Monday, December 24, 2018


There are certain times of the year when thoughts about what to do with a spare bedroom are higher in the mind than other times.

The onset of summer for example, when people wonder if signing up for Airbnb will pay towards a holiday. They get to go to Morecambe for a week and people who are fed up with living in Morecambe can get away from it all in a place which the homeowners want to get away from...

Another time is around September when the local college puts flyers through letterboxes asking the homeowner to consider taking in a foreign student.

Then there are the times when you get a nasty letter from the bank or the loan company and you consider turning the 'study' back into bedroom and renting it out to a lodger.

All these thoughts have their merits. A friend tried Airbnb and had one lovely family use the house for a week, followed by an even lovelier family. But they found the hard graft of getting the place right plus the stress of worrying about everything too much in the end.

We used to take foreign students, they were fun and interesting. One lad from Finland never left his bedroom, a girl from Russia would get so drunk at the nightclub the police used to have to bring her home. An Italian student got pregnant and was so scared of her religious dad that we had to arrange everything for her.

Actually it was coping with the children of affluent continentals that reminded us that we might have what it takes to foster.

And how much more rewarding - in every way you can think of - is fostering.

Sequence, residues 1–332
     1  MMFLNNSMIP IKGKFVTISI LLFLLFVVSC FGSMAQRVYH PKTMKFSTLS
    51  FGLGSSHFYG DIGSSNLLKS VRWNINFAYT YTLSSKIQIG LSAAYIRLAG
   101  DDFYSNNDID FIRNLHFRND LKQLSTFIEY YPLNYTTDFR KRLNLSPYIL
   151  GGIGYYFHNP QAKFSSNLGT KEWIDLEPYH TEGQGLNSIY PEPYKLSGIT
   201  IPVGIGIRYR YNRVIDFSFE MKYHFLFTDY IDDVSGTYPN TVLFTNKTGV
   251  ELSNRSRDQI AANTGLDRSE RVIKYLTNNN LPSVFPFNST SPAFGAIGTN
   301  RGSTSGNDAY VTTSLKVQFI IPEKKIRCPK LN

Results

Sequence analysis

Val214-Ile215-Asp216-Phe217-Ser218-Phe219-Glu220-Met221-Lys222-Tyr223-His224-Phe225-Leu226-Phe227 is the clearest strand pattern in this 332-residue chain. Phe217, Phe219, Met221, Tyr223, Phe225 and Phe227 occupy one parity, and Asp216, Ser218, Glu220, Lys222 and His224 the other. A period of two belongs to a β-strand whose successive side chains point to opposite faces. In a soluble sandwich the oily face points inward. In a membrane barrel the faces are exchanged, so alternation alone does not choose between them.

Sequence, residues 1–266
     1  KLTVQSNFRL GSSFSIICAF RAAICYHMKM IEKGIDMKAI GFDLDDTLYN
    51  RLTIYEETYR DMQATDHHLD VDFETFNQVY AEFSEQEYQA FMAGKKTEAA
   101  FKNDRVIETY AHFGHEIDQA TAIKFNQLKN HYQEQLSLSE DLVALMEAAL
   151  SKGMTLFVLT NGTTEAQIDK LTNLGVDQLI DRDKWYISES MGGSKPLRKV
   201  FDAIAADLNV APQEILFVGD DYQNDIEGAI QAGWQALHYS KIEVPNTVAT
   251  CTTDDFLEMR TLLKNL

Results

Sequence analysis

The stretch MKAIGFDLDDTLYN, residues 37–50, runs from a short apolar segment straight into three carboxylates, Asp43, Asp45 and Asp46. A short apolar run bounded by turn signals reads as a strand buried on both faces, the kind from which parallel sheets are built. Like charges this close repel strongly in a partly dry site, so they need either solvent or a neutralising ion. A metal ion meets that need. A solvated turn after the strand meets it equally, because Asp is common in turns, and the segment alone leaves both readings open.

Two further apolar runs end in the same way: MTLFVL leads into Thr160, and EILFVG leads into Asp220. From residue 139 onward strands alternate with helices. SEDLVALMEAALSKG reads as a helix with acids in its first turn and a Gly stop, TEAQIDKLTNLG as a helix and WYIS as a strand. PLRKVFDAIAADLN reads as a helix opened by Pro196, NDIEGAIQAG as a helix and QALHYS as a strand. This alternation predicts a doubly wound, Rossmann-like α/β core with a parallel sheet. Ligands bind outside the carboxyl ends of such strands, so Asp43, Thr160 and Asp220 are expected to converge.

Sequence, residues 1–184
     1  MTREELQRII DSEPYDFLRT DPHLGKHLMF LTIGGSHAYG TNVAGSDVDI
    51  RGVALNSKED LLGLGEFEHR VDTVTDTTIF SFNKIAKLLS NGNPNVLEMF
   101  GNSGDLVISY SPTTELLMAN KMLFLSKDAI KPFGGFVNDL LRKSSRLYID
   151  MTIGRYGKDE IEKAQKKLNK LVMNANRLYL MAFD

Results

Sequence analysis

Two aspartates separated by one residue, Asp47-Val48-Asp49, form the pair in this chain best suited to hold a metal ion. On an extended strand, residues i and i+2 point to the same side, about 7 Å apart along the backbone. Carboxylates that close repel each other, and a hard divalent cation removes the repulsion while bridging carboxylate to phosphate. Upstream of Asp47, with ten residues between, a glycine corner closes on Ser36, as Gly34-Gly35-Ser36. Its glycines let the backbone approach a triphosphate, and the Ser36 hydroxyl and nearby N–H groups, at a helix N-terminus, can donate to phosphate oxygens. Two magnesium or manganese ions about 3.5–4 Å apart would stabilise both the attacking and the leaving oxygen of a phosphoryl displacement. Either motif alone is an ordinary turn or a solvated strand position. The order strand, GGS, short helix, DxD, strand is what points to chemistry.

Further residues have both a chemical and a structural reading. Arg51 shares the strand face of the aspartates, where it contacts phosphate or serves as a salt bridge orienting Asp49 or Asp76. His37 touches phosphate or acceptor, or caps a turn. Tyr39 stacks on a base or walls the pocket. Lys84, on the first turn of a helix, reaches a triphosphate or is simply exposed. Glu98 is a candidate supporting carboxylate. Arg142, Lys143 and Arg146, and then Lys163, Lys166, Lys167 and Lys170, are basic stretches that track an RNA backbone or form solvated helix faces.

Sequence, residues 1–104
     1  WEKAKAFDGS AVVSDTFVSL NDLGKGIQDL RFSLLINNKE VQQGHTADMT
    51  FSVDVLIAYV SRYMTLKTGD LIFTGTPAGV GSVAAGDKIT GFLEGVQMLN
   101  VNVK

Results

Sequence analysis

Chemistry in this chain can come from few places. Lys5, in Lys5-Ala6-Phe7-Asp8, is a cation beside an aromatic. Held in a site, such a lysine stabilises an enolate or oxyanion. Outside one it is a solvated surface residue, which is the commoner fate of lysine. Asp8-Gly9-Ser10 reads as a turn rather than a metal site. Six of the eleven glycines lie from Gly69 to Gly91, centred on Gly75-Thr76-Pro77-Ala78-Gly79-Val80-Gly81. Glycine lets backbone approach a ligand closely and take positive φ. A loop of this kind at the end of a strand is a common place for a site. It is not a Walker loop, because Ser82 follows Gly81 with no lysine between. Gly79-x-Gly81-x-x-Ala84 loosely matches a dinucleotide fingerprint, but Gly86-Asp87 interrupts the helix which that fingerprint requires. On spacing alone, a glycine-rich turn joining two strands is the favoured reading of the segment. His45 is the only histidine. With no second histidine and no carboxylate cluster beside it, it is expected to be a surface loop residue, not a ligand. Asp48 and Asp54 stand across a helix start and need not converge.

Christmas is a time when fostering comes into its own, especially as our own children are old enough to be a bit cynical about it.

What's Christmas without a child's wonder at the fantastic concept of Santa? What Christmas without helping a child write a letter to him? And then leave a plate with a mince pie next to a glass of milk out on Christmas Eve with a note saying "For Santa"*

What's Christmas without a child outside your bedroom door at 5.45am wondering if Santa's been? What's Christmas without...oh you get my drift.

Actually the Christmas spirit comes through in many other ways, but nothing as brilliant and innocent and gleeful and grateful.

Look I'm obviously not saying people should foster to recapture the Christmas they enjoyed when their kids were little.

I'm just saying it's one of many cherries on the cake of fostering.

Or, if you like, on the Christmas Pudding of fostering.

Thursday, December 20, 2018


Ryder, our newest foster child, came home from school and asked if there is a King called "When Says".

I said: "Eh?"

She said that they'd been taught that he was a good King but he didn't look out the window much. In fact the last time he looked out he saw the face of Steven.

I won't reveal yet, you might have guessed already anyway, but it turned out that there was nothing wrong with Ryder's reading skills, general intelligence or hearing ability, it was someone else's speaking problem.